Much of the countryside surrounding Tauranga is horticultural land, used to grow a wide range of fresh produce for both domestic consumption and export. There are many kiwifruit and avocados orchards as well as other crops.

The Port of Tauranga is New Zealand's largest export port. It is a regular stop for both container ships and luxury cruise liners.

Tauranga NZ7 3481-82 - 46361933804.jpg
Tauranga harbour
Picturesque sunrise over the Tauranga harbour

Tauranga's main shopping mall is Bayfair, in Mount Maunganui. Most of the city's shopping centres are located in the suburbs. They include Fraser Cove, Tauranga Crossing, Bethlehem Town Centre, Palm Beach Plaza, Fashion Island, Bayfair Shopping Centre, Bay Central and Greerton Village.

Tauranga has the following business innovation centres

The following companies have their head office in Tauranga:

Arts and culture[edit]

Religion[edit]

A wide variety of faiths are practised, including Christianity, Hinduism, Buddhism, Islam, Sikhism, Taoism and Judaism. There are many denominations of Christianity including Pentecostal, Methodist, Presbyterian, Roman Catholic, Exclusive Brethren, Baptist and The Church of Jesus Christ of Latter-day Saints (LDS Church).

Music[edit]

The National Jazz Festival takes place in Tauranga every Easter.[32]

Events[edit]

New Year celebrations at the Mount in Mount Maunganui are one of Tauranga's main events, bringing people from all around the country.

In 2014 Tauranga City Council granted permission for an annual Sikh parade to celebrate Guru Gobind Singh's birthday. 2500 people took part in 2014, while in 2015, the number increased to 3500.[33]

Sports[edit]

McLaren Falls Park, on the outskirts of Tauranga

Tauranga has a large stadium complex in the Bayfair suburb, Baypark Stadium, rebuilt in 2001 after a similar complex closed in 1995. It hosts Speedway events during summer and rugby matches in winter.

Tauranga is also the home of football (soccer) club Tauranga City United who compete in the Lotto Sport Italia NRFL Division 2.

Tauranga is the home to two rowing clubs – Tauranga Rowing Club in Memorial Park and Bay of Plenty Coast Rowing Club at the picturesque Wairoa River. Both clubs have had successful NZ representation over the years.

Tauranga has an all weather outdoor athletics ground at Tauranga Domain.

City facilities and attractions[edit]

Greater Tauranga is a very popular lifestyle and tourism destination. It features many natural attractions and scenery ranging from popular beaches and harbour environments to lush bush-clad mountains with waterfalls and lakes.

View of Mount Beach, with Mauao in background

Cultural attractions include the Tauranga Art Gallery, which opened in October 2007 and showcases local, national and international exhibitions in a range of media. On the 17th Avenue, the "Historic Village on 17th",[34] recreates a historic setting with original and replica buildings from early Tauranga housing arts and gift shops.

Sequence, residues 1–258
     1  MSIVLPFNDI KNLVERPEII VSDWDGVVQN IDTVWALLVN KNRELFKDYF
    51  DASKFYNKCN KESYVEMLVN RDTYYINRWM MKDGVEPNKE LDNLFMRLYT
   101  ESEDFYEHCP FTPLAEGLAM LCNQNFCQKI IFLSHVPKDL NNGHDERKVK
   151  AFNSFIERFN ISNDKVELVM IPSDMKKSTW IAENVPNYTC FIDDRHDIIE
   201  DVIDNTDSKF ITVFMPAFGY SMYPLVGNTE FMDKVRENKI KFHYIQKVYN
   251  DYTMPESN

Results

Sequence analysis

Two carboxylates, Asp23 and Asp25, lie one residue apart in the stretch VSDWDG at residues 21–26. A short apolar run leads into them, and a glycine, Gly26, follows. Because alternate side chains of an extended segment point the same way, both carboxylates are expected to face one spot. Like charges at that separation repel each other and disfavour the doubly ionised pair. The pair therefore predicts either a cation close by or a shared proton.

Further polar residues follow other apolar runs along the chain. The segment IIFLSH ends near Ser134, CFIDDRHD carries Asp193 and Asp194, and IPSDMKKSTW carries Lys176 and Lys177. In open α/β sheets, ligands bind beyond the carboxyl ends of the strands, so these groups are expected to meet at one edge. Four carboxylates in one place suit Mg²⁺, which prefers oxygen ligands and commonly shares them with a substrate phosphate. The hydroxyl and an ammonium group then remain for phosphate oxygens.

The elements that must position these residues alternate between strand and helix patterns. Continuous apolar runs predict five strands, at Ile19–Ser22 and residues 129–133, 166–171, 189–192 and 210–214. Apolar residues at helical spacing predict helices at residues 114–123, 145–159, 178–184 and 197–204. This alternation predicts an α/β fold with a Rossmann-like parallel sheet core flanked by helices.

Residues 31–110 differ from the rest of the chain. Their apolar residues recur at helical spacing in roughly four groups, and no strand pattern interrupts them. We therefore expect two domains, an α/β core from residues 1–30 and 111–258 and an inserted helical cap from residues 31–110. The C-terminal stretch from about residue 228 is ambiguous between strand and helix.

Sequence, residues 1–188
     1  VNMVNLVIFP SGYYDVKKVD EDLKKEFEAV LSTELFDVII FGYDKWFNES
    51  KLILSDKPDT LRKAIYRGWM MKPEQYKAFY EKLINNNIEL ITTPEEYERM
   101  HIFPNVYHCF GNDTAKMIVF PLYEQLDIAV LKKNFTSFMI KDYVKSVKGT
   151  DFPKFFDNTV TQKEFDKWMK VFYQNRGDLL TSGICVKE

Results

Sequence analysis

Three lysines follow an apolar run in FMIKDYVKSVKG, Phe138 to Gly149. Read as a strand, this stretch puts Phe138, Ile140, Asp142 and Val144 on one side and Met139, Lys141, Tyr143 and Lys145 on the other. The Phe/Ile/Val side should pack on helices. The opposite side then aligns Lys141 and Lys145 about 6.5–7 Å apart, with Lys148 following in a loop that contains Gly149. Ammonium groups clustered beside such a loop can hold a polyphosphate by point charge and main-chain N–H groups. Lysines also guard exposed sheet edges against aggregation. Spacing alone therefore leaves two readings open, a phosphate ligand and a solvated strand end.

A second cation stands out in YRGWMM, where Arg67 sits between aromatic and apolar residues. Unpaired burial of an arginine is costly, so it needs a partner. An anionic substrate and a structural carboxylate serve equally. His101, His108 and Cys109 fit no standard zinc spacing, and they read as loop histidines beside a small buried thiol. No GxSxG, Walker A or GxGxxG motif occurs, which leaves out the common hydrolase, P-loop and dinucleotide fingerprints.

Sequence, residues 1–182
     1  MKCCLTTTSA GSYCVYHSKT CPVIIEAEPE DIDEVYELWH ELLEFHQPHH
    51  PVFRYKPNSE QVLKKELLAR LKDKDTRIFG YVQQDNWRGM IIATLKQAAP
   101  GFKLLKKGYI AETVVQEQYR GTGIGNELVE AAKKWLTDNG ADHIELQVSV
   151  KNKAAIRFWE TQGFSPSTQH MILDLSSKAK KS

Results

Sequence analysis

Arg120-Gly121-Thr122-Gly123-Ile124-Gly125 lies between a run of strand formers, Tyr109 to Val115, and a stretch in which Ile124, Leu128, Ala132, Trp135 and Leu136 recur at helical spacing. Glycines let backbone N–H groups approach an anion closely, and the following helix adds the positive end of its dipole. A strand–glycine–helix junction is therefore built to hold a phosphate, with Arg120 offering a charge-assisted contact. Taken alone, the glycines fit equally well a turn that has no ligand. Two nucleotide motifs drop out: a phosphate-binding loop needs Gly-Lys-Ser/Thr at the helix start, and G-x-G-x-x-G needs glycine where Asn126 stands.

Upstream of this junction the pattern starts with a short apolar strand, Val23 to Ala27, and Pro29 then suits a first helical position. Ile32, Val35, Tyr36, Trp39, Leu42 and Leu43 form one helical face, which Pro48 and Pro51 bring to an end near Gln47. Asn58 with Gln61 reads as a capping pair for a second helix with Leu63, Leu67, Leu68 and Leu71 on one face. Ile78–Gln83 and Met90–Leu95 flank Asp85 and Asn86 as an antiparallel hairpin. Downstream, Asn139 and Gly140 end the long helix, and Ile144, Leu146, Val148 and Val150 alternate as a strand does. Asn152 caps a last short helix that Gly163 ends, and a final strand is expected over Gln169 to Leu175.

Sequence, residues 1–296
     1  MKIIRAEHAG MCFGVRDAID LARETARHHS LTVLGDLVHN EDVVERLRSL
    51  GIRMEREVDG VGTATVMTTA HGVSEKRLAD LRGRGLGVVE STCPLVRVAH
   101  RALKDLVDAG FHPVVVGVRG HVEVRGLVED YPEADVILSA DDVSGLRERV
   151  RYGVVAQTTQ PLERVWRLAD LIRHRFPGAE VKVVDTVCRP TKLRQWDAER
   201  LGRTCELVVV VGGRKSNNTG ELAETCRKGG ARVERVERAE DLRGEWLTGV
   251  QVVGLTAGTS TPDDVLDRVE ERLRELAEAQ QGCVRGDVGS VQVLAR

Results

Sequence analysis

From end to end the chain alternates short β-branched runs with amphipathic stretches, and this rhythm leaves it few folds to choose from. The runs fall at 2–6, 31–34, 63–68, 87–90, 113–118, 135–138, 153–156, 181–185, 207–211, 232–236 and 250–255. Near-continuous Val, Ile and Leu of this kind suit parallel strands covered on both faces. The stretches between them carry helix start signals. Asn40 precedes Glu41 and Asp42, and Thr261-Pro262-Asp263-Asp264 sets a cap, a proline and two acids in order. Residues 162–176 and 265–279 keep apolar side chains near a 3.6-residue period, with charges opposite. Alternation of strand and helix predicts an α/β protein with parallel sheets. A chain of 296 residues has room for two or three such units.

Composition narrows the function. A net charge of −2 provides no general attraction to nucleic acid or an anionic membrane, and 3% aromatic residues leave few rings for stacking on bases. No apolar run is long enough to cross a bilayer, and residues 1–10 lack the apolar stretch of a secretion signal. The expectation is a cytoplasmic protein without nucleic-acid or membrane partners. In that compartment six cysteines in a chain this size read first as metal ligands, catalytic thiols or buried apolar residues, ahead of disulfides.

Aviation interests are well served with the Classic Flyers Museum and the Gyrate Flying Club where you can experience flying a modern gyroplane; the "motorbike of the sky".[35]

Tauranga has many parks: one of the largest is Memorial Park, and others include, Yatton Park, Kulim Park, Fergusson Park and the large Tauranga Domain. The Te Puna Quarry Park has become a regional attraction, known for being converted from a disused quarry into a community park.[36]

Due to the temperate climate, outdoor activities are very popular, including golf, tramping (hiking), mountain biking and white water rafting. The Bay of Plenty coastline has miles of golden sandy beaches, and watersports are very popular, including swimming, surfing, fishing, diving, kayaking and kitesurfing. Tourists also enjoy dolphin-watching on specially run boat trips.

The coastal suburb Papamoa and neighbouring town Mount Maunganui are some of the more affluent areas around Tauranga. The region's beaches attract swimmers, surfers, kayakers and kitesurfers throughout the year.

Tauranga has many outlying islands and reefs that make it a notable tourist destination point for travelling scuba divers and marine enthusiasts.[citation needed] Extensive marine life diversity is available to scuba divers all year round. Water temperatures range from 12 degrees Celsius in winter to 22–24 degrees Celsius in summer. Tauranga houses two professional dive instructor training centres, training NAUI, PADI and SSI dive leader systems.

Infrastructure[edit]

Hospitals[edit]

Tauranga Hospital is a public secondary regional hospital located in Tauranga South, with 349 beds including neonatal, maternity and mental health care.[37] It provides elective and emergency healthcare across medical, surgical, paediatric, obstetric, gynaecological and psychiatric services. The main tertiary referral centre for Tauranga Hospital is Waikato Hospital, located in Hamilton. As the site of the Bay of Plenty Clinical School, Tauranga Hospital provides training to medical students from the University of Auckland, as well as selective and elective placements for nursing and midwifery students.[38]